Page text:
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11 hours ago, annegables said:

I just went through his book and I think I have a case of confirmation bias. He has been getting the problems with number solutions pretty "easily", but there is a disproportionate amount of angst over the proofs (which he can do, he just hates the writing part of them). I also seem to think that review sections have lots of "prove obscure things" , and my son seems to have a phobia of drawing diagrams at a size where they are actually useful for comprehension. Math tends to start out with "Mom! I dont get what this is asking!" Me: "Did you draw it out at a size you can easily label and understand?" Crickets. 5 minutes later, "Now I get it."

Lol!

Yeah, my son doesn't like writing them out either. Some problems are easy enough to do with color though--he can color code angles, write it out with the colors, and then sub in the ABD and DBE types of labels in afterwards so that he can think about the concept, not go nuts about the letters. Depends on how frustrating the letters are on any given day.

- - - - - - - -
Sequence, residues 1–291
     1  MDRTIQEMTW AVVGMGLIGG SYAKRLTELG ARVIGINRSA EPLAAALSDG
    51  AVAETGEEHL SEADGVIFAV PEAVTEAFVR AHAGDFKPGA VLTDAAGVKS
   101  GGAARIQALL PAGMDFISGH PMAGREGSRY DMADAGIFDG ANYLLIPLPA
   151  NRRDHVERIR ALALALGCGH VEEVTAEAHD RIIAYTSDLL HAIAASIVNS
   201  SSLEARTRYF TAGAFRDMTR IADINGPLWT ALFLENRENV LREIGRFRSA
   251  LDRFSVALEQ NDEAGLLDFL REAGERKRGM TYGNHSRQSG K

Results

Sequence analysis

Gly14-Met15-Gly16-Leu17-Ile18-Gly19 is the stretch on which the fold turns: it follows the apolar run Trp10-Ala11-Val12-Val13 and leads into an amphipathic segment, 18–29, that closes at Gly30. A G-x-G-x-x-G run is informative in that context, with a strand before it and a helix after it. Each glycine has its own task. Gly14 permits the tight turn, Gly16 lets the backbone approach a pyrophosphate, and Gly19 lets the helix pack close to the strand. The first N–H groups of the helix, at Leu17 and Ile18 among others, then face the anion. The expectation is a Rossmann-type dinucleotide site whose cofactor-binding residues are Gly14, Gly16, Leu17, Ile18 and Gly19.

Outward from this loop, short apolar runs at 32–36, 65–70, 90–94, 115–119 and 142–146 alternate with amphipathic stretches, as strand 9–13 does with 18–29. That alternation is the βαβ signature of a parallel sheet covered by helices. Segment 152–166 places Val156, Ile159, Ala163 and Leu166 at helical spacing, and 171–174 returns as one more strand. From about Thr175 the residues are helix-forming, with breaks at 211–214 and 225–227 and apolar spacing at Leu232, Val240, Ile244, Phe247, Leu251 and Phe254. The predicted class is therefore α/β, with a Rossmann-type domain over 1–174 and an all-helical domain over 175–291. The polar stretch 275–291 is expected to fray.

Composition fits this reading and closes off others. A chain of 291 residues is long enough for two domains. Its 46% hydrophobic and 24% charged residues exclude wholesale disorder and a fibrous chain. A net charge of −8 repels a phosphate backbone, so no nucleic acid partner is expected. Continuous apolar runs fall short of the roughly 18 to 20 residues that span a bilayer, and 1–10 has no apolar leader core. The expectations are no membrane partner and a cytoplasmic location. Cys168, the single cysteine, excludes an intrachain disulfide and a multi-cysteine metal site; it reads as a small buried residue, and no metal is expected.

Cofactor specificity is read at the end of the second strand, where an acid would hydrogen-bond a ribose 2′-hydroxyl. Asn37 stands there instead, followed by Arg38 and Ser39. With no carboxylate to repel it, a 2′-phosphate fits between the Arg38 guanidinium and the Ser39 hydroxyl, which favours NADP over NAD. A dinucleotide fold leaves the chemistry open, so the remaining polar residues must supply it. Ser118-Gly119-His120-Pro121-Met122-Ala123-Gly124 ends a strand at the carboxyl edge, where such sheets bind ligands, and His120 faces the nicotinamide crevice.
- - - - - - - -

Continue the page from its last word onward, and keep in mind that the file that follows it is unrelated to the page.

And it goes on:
I agree that the non-math ones are less inherently motivating! 

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Being a bit less snarky, what I mean by "all math should be proof-based" is that I think it's important to think of everything in math as justified and to expect a student to be able to verbalize the reasons for most of the math facts they use at least once in a while. I think that seriously assists in fluency. I have this expectation of my 7 year old, even though she never actually has to write down a proof. But she's started saying things like "We need to prove that!" if I say "we've noticed a pattern, but we aren't sure it always works." 

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17 hours ago, square_25 said:

That IS a traditional proof. The two column proof is a bizarre abomination...

Yes, but the two column kind are easier to grade, or so I hear (I've only graded the two column variety). 

It's sort of like my son's English teacher who made the kids write their essays not only in the five paragraph format, which was bad enough, but on a form that had all the parts called out--intro, thesis, topic sentence, supporting details, etc--so she could just check things off. 

I wonder when the two column proof was invented.  Was it coincident with the push for high school for all?